First, the sudden, unwanted e-mails lauding various brands of Bitcoin which apart from being a contributor to global warming is, as far as I can see,  the South Sea Bubble of the 21st century. Then, HSBC which is not my bank, constantly texting me to say there’s a problem on my account. When I complained to them they told me “just ignore it”. Finally both my wife and I have both been called to say “this is the HMRC; you have been named in a tax fraud; unless you return this call you will be instantly arrested.” We just ignore that too. The plan to stay off social media for a few days that celebs have advocated to protest about online racial abuse seems entirely sensible. But I have a better plan.

Change your phone as I’ve done. Everyone who has a Motorola thinks it’s wonderful. I’m an exception. I haven’t come to terms with it at all. It doesn’t seem to like me either. So it sulks in my pocket whilst I sulk outside. Now the consequence is I’m using it less and less and avoiding the stress of emails and texts I don’t want or need.

But four things pleased me last week. 

1. The continuation of Spring albeit with a nasty sneaky chill but there’s the joy of seeing brave, confident plants plumping up and thriving and this makes every morning joyful. As do the birds. I saw a goldfinch and that was magic as are the magnolia and the sound of woodpeckers.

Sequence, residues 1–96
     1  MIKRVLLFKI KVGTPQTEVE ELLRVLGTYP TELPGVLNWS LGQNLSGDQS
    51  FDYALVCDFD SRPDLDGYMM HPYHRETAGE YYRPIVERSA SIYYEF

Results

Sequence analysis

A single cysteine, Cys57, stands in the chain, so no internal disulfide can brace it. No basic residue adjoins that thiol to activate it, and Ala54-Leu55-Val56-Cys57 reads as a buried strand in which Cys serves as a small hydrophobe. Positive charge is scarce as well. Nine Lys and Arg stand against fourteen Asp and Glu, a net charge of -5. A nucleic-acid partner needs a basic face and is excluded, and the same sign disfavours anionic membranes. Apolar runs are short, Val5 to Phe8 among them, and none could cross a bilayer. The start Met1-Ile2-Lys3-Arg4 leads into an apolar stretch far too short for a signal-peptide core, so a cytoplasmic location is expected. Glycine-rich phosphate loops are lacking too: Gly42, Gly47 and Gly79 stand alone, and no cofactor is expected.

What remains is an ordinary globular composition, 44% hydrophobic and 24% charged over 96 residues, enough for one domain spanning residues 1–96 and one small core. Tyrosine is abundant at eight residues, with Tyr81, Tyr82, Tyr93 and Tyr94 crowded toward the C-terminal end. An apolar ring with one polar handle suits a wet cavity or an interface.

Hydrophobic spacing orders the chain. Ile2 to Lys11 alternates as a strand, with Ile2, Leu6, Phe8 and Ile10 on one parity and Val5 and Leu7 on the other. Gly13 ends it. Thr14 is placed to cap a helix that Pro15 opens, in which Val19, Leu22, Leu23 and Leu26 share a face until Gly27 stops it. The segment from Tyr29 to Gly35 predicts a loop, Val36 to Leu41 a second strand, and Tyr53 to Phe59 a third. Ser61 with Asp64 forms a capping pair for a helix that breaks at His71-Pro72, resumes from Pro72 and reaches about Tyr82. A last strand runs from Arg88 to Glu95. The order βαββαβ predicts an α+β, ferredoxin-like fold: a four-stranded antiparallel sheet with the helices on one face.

2. A Spring dish that was a triumph. Risotto Primavera. We use orzo pasta which has something of a risotto appearance cooked in white wine and chicken stock with peas, asparagus, baby leaks and chopped broccoli heads. With a glass or two of ice cold Picpoul. Wonderful.

3. The discovery that I can actually meditate and let my mind empty of energy-sapping thoughts. I’ve spent too many years speculating about things that might happen. Now I calmly and pleasantly look at the grass, trees and horizon and lose myself like a fluffy cloud gently moving across a blue sky. 

4. Finally, we’ve been told our future lies in cyber-technology and AI. I’m rather sceptical about this. Because the art of the specialist, practical engineer is far from dead.  We have a veranda with three metal poles allegedly supporting the canopy and they were rusting at the bottom. Various people inspected them, sucked their teeth, muttered “oh dear – job for a specialist” and left. This had gone on and on with me increasingly anticipating a veranda collapse. 

Enter Dale. He arrives two days after I’d called, takes a look, suggests a pragmatic solution, sends a quote for half what I’d feared it might be and then arrives with a young man who cuts off the rusty pieces at the bottom of the poles, welds on galvanised pipe with base- plates to replace where the rusty pipe was. He then screws the base plate into the concrete veranda floor. Whoosh. All done and swept clean in less than two hours. The company has staff and a boss with refreshing can-do attitudes. If they’re an important part of our future rather than just apps and nice-to-have cyber-labour-savers, we’ll be fine.

And it’s not just climate change that’s a problem. Human beings are overheating too. We huff-puff, get querulous, quarrelsome and peevish. No need. Just watch a specialist at work or a blackbird building a nest. They really know what they’re doing and that’s so comforting.

Monday, 26 April 2021


 I love banana skins